History Taking Skills
Grzegorz Chodkowski (MD)
Riga, Radisson SAS
History Taking Format
– Chief complaint – History of present illness (HPI) – Past medical history, which includes • Childhood • Medical • Surgical • OB/GYN • Psychiatric – Family history – Medications – Allergies – Personal/social history – Review of systems
problem / condition that motivated patient to seek care
To elicit the chief complaint, ask broad questions: – What brings you in today? – Tell me what has been going on. – What seems to be the problem? – What are your complaints?
History of the present illness (HPI)
• Patient's age, sex, occupation • Symptoms (or immediate cause of admission) • Chronology and the seven characteristics of the current symptoms: -Anatomic location -Quality -Quantity or severity -Timing -Setting in which the symptoms occur -Aggravating or relieving factors -Associated symptoms
History of the present illness (HPI)
Use facilitating expressions to encourage the patient to continue: – Mmm Hmm. – Yes? – Uh Huh? – And what else? - I am with you – Listening body language
Once the patient has had a chance to tell his or her story you can move on to more directed questions to clarify.
• • • • •
What is wrong? Where is it wrong? When did it start going wrong? How did it go wrong? Why do you think it is wrong?
Directed or closed questions
– Multiple choice • Do you have nausea, vomiting, constipation or diarrhea? • Is the pain sharp, dull or shooting? • Have you had this for days, weeks or months? • How long is the pain: minutes or hours? Important: Pause to wait for each response!!
Yes or No questions • Do you have diarrhea every day? • Do you have any allergies? Quantitive questions
• How many loose stools do you have a day?
Avoid leading questions – You don’t smoke do you? – You haven’t had any chest pain? – Your wife is your only sexual partner, right? Avoid compound questions – Do you have trouble sleeping? How much sleep do you get? – Do you use cocaine, marijuana or alcohol?
L : Location O : Other symptoms C : Characteristic of the symptom A : Aggravating or alleviating factors T : Timing E : Environment S : Severity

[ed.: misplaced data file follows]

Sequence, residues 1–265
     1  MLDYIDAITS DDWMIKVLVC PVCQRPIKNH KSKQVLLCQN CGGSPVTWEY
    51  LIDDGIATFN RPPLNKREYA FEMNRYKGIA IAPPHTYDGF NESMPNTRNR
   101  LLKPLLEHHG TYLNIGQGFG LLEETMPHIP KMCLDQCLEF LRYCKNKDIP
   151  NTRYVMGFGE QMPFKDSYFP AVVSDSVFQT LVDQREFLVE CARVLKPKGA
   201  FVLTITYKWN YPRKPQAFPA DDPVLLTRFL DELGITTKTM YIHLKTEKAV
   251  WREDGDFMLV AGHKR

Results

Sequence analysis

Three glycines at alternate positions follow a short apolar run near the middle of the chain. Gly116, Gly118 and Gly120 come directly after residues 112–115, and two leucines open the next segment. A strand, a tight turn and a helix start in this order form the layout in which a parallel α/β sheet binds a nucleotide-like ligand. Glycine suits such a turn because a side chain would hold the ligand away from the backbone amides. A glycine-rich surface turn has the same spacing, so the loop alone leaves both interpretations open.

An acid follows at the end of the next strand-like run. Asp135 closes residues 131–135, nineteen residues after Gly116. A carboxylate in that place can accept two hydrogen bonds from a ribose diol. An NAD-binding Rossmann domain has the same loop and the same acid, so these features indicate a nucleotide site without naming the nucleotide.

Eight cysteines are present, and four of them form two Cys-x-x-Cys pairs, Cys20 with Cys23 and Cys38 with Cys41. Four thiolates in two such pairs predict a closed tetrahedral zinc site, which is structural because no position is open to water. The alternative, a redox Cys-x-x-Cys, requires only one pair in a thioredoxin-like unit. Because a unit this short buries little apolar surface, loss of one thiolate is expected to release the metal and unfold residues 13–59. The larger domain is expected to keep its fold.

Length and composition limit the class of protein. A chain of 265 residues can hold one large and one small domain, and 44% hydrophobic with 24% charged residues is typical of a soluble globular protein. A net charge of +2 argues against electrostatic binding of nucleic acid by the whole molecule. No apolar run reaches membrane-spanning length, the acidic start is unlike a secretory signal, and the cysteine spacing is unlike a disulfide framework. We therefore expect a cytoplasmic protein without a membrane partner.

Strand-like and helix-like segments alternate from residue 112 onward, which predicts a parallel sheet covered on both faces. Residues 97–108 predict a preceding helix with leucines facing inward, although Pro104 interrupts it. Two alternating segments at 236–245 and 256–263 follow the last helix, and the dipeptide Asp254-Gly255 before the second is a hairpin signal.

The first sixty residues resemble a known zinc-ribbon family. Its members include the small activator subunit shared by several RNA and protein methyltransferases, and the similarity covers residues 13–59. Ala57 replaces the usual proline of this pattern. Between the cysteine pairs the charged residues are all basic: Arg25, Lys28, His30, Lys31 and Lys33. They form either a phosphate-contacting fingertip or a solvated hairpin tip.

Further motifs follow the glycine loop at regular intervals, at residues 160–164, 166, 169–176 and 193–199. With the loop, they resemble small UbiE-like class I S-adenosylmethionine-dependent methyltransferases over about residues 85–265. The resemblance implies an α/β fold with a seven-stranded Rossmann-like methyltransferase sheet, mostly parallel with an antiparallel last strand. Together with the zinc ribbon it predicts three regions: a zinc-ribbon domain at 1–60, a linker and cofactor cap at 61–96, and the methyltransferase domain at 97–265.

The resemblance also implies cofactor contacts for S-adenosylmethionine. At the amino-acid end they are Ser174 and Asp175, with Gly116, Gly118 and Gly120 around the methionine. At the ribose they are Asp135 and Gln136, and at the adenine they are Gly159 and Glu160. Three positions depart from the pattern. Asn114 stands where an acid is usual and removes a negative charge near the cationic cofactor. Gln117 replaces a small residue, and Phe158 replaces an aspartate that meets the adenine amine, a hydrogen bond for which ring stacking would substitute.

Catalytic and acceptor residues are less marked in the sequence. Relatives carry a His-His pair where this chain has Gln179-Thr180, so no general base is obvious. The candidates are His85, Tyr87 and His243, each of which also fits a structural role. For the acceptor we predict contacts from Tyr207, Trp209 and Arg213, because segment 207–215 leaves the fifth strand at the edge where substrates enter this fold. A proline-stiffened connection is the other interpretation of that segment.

• Where does it hurt? • Which part of your chest/head/abdomen is affected? • Does it stay in one place or does it radiate anywhere else?
Pertinent positives and negatives to help you rule in or rule out disease Associated symptoms Other new symptoms that may not be related
• • • • • Apart from your chest problem are there any other problems How’s your appetite? Do you have any problems with passing water? Are your bowel motions regular? Have you noticed any blood in your stools?
-quality of the symptom
Get the patient to use their own descriptive words if possible.
– What does it feel like? – What kind of pain is it? – Can you describe the pain? – Does it affect your sleep/work? – How often are the attacks? – Is the pain continuous or does it come and go?
Aggravating And Alleviating Factors
– What makes it better?
– What makes it worse? – What has the patient done to try to feel better? – What seems to bring the pain on? – Does anything make it better / worse ? – Is the pain relieved by drugs / rest / changing position? – Have you taken any medicines for the pain? (over the counter medications, friend’s medication)
Timing: Onset & Duration
– When did it start? – How long have you had this pain? – When did you first notice it? – Is it intermittent or continuous? – How long does each episode last? – Does the symptom vary with time of day? – Have you ever experienced this before? - Associations with specific events
– What places or events affect the symptom? – Work vs. home – Leisure activities – Diet – Emotions – Heat, dust, altitude
– How is the symptom interfering with the...
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